Implementation Steps: Scale Up: Invest heavily in scaling up innovation, manufacturing and deployment of decentralized renewable energy solutions to meet local needs. Incentivize: Create enabling policy environments to incentivize private players and social enterprises to amplify these efforts. Train: Train vulnerable communities to leverage energy access and develop solutions that bolster livelihood opportunities and improve access to health, education, and other services.


04 — Invest in Climate Consciousness Develop local idioms for climate change, adaptation, sustainability, and circular economies that are rooted in regional histories, traditions, and philosophical frameworks.

Implementation Steps: Demystify Climate Change: Make information about climate projections, effective interventions, and their benefits accessible and relatable in local languages and in specific contexts. Focus on both short-term impacts like floods and heatwaves, and on long-term impacts like food, work, and habitat. Promote awareness of effective interventions and their benefits in each case. Use Traditional Forms of Knowledge Dissemination: Utilize the region’s rich storytelling traditions, including folk music, dance, puppetry, and theater, in addition to social media and digital tools, to reach across socioeconomic and language barriers. Start Early: Revise school and college curricula to teach students about climate change, sustainable development, environmental justice, and actions for a more sustainable lifestyle. Draw on historical and current best practices in the region.

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The South Asia Climate Platform at Harvard’s Mittal Institute produced this video to promote scientifically sound and contextually relevant community-centered dialogues about climate change and adaptation, in partnership with the National Foundation of India and Social Alpha’s Community Science Alliance. The informational video on heat stroke awareness and protection will be broadcast nationally in India in anticipation of the summer of 2024. It will also be screened at COP28.


ABOUT US: The South Asia Adaptation Research Cluster at Harvard University’s Salata Institute for Climate and Sustainability and the Lakshmi Mittal and Family South Asia Institute aims to advance climate adaptation research and implementation at the household, community, state, and federal levels in South Asia, particularly in the context of climate-driven migration. Harvard University faculty collaborate with in-region partners to identify the most important threats to health and livelihoods, as well as the triggers for migration, consolidating and collecting data on environmental variables like rainfall and temperature, flooding, drought, health, and agricultural production to identify communities that are at most risk; build data repositories to inform policy and research on climate adaptation; and codesign and test climate strategies at scale. The strategies will encompass technologies, financial instruments, law and policy, and education, training, and awareness programs.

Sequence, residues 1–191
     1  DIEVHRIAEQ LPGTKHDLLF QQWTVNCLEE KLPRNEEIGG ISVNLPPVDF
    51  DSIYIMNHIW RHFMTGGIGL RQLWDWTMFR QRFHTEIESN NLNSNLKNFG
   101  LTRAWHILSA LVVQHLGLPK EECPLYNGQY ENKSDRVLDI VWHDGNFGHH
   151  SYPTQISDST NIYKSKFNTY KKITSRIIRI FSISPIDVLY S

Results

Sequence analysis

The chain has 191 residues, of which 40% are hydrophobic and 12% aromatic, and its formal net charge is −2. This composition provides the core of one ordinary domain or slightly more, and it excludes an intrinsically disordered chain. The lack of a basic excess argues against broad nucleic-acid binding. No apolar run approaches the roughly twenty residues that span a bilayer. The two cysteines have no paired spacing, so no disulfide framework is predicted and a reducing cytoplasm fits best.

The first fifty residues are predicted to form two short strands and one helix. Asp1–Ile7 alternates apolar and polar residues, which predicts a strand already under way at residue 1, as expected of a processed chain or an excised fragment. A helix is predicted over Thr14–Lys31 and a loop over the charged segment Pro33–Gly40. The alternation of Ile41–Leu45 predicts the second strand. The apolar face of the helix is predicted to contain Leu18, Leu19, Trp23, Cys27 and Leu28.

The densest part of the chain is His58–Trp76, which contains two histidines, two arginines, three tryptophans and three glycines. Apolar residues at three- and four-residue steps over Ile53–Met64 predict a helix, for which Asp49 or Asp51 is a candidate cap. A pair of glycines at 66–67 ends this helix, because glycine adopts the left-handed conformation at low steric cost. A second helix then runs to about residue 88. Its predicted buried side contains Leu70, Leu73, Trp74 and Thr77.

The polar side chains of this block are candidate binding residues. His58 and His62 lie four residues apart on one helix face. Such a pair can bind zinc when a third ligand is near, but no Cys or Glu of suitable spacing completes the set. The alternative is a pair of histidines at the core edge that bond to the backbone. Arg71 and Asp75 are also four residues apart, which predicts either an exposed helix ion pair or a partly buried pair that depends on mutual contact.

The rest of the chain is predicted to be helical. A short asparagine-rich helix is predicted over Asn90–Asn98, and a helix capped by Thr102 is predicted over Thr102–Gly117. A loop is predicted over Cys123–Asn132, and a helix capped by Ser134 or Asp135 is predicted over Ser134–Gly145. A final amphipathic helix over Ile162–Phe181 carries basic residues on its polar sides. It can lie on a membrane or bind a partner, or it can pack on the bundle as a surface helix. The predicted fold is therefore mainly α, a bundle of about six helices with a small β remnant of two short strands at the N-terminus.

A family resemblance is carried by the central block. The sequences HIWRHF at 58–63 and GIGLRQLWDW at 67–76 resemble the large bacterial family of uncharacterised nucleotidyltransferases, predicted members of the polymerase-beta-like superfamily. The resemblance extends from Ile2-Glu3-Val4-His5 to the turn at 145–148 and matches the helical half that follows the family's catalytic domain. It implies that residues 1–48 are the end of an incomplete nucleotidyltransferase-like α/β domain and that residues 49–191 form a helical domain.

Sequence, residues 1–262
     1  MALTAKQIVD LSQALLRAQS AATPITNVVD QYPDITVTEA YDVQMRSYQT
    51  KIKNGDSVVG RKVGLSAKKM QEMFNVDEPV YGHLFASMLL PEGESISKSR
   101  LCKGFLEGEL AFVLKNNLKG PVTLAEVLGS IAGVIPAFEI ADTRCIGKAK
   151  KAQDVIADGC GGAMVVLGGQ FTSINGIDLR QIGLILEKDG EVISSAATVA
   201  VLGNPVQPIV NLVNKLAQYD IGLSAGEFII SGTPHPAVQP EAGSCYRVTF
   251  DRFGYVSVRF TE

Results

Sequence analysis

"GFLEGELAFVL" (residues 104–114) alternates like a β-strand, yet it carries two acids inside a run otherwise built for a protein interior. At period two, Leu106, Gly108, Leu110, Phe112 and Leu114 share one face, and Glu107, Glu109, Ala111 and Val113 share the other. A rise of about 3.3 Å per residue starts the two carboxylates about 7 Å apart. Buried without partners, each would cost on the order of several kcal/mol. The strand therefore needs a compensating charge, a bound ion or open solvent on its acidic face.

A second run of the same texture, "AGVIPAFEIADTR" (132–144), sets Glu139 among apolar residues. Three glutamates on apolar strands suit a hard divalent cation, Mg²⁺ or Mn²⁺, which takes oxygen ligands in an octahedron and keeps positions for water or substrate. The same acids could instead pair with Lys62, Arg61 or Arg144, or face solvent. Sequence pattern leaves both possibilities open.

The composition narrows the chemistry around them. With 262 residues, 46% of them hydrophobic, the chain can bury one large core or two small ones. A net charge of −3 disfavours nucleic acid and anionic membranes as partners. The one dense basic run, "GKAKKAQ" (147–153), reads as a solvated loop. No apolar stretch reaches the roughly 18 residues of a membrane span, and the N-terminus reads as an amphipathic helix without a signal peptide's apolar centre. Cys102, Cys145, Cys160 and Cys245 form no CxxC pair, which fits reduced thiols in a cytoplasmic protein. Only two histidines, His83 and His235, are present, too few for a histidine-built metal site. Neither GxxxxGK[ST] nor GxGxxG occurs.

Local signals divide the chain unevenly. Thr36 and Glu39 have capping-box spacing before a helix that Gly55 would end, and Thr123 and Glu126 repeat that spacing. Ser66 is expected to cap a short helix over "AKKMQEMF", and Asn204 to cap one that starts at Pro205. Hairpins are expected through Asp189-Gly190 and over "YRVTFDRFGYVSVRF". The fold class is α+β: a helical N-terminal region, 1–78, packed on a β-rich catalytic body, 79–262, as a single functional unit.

PEOPLE: South Asia Climate Adaptation Cluster Faculty Leads: Satchit Balsari, Assistant Professor in Emergency Medicine, Harvard Medical School Caroline Buckee, Professor of Epidemiology, Harvard T.H. Chan School of Public Health Peter John Huybers, Professor of Earth and Planetary Sciences, Professor of Environmental Science and Engineering, Faculty of Arts and Sciences Tarun Khanna, Jorge Paulo Lemann Professor, Harvard Business School; Director, Lakshmi Mittal and Family South Asia Institute, Harvard University Jennifer Leaning, Senior Research Fellow, Harvard T.H. Chan School of Public Health Daniel P. Schrag, Sturgis Hooper Professor of Geology, Professor of Environmental Science and Engineering, Professor of Public Policy, Director of the Science Technology, and Public Policy Program, HKS South Asia Collaborators: All India Disaster Mitigation Institute (AIDMI), India BRAC, Bangladesh James P Grant School of Public Health, BRAC University, Bangladesh National Foundation for India Self Employed Women’s Association (SEWA) Sustainable Futures Collaborative TrustBridge Rule of Law Foundation

The South Asia Climate Cluster would like to acknowledge Neha B. Joseph, Mittal Institute Fellow, for her dedication and work in bringing together the 2023 climate workshops.


SOUTH ASIA CLIMATE CHANGE PLATFORM AT THE MITTAL INSTITUTE, HARVARD: Launched in 2023 at Harvard’s Mittal Institute, this new Climate Change Platform for South Asia includes research projects, training programs as well as exchange fellowships for senior and junior academics, scientists and policy makers.